Catherine Lutz

Brown University

Catherine Lutz is the Thomas J. Watson Jr. Family Professor of Anthropology and International Studies at Brown University. Her areas of interest include military, war, and society; race and gender; democracy; subjectivity and power; photography and cultural history; critical theory; anthropological methods; sociocultural contexts of science; U.S. twentieth century history and ethnography; and the Pacific Rim. She received her BA in sociology and anthropology from Swarthmore College and her PhD in social anthropology from Harvard University. Her most recent books include Carjacked: The Culture of the Automobile and its Effects on Our Lives (Palgrave Macmillan, 2010), the co-authored Breaking Ranks: Iraq Veterans Speak Out against the War (University of California Press, 2010), The Bases of Empire: The Global Struggle against US Military Posts (New York University Press, 2009), Local Democracy under Siege: Activism, Public Interests, and Private Politics (New York University Press, 2007, winner of a Society for the Anthropology of North America book award), and Homefront: A Military City and the American 20th Century (Beacon Press, 2001, winner of the Leeds Prize and the Victor Turner Prize). She is past president of the American Ethnological Society, the largest organization of cultural anthropologists in the United States. Lutz is also co-director of the Costs of War Project, a collaborative analysis of the human, sociopolitical, and economic impacts of the U.S.-led wars in Iraq and Afghanistan.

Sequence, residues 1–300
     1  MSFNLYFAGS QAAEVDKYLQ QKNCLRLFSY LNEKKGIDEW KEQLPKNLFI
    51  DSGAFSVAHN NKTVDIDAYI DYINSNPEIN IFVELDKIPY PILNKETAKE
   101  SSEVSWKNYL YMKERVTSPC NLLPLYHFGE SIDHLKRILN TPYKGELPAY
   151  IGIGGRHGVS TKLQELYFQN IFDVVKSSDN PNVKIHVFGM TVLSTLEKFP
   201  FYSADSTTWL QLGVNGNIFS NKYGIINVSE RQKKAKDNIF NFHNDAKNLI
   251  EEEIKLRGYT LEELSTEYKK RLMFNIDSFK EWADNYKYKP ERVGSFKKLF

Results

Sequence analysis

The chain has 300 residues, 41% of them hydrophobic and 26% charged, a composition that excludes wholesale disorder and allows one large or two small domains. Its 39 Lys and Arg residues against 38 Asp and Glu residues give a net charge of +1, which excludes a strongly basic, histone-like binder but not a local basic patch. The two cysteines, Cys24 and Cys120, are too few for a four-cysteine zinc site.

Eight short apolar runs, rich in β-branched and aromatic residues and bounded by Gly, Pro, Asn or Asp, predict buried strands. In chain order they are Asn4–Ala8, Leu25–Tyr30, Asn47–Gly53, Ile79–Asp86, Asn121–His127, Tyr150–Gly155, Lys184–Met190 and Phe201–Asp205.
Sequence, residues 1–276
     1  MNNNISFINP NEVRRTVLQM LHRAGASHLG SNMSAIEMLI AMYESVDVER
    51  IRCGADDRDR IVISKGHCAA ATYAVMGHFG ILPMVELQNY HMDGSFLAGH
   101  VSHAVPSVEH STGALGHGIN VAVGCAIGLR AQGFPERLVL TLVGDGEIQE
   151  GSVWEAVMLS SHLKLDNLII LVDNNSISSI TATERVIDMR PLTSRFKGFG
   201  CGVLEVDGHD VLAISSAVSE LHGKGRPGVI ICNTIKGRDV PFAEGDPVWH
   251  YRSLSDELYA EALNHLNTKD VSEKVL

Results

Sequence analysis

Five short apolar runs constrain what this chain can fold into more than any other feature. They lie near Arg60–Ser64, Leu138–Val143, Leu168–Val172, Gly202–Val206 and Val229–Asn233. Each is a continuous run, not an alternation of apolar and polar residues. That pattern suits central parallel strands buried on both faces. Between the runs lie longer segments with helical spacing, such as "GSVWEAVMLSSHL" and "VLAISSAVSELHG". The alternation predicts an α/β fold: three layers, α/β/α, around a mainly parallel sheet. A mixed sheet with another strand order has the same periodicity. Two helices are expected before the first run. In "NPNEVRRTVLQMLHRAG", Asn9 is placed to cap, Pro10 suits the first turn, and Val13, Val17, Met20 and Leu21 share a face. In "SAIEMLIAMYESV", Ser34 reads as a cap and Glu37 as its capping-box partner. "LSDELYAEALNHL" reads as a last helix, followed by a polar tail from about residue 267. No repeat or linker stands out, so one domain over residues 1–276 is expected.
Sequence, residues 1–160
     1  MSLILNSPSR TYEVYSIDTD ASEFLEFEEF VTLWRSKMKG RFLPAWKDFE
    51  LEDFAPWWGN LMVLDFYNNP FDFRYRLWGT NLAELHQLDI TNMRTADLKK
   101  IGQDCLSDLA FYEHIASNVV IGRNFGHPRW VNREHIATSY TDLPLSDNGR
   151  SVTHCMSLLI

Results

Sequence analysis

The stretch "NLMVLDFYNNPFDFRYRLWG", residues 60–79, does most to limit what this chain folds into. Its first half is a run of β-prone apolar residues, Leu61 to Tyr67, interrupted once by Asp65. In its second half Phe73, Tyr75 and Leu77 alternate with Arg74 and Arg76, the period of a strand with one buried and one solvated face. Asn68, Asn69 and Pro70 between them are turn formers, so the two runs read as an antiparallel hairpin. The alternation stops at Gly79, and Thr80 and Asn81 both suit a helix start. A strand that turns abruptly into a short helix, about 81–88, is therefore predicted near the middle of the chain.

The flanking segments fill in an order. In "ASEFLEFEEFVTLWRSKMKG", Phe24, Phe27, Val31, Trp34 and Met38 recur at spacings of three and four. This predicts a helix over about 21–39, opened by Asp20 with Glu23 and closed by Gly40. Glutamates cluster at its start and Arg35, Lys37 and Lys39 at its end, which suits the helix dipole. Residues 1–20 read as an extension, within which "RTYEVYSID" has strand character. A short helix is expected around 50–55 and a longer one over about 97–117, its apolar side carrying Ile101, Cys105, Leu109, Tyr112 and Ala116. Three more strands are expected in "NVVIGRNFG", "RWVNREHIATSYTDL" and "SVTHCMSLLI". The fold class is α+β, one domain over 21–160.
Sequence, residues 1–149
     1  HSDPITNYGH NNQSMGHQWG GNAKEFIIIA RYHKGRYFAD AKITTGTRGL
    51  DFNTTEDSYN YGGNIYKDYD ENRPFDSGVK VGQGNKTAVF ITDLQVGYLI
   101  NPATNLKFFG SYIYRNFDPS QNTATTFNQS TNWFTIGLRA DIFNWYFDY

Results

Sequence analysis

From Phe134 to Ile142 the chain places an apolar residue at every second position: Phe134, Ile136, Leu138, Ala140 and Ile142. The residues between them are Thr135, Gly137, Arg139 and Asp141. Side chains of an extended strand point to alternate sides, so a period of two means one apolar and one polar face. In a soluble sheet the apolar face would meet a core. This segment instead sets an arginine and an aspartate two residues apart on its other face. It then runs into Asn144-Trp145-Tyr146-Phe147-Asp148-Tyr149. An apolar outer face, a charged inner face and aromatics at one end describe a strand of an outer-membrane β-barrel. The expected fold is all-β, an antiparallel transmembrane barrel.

VIDEOS
Who are you and what do you do?
Why did you choose to calculate the costs of the Iraq and Afghanistan wars together?
What is the Costs of War Project?
How do local populations feel about having a U.S. military base in their country?
Why do other governments allow U.S. military bases in their countries?
How can high school students use anthropological methods?
Why is it important to study everyday people?
How are anthropologists different from historians or political scientists?
What is anthropology?
Why is it important for high school students to understand the costs of the United States’ wars?
How has the project been received?
Does the Costs of War Project have any recommendations for U.S. policy makers?
How are the Iraq and Afghanistan wars different from previous wars?
What did you find out about the rates of casualties amongst U.S. soldiers and contractors?
What have been the largest costs of the Iraq and Afghanistan wars?
Why does the United States have military bases abroad?
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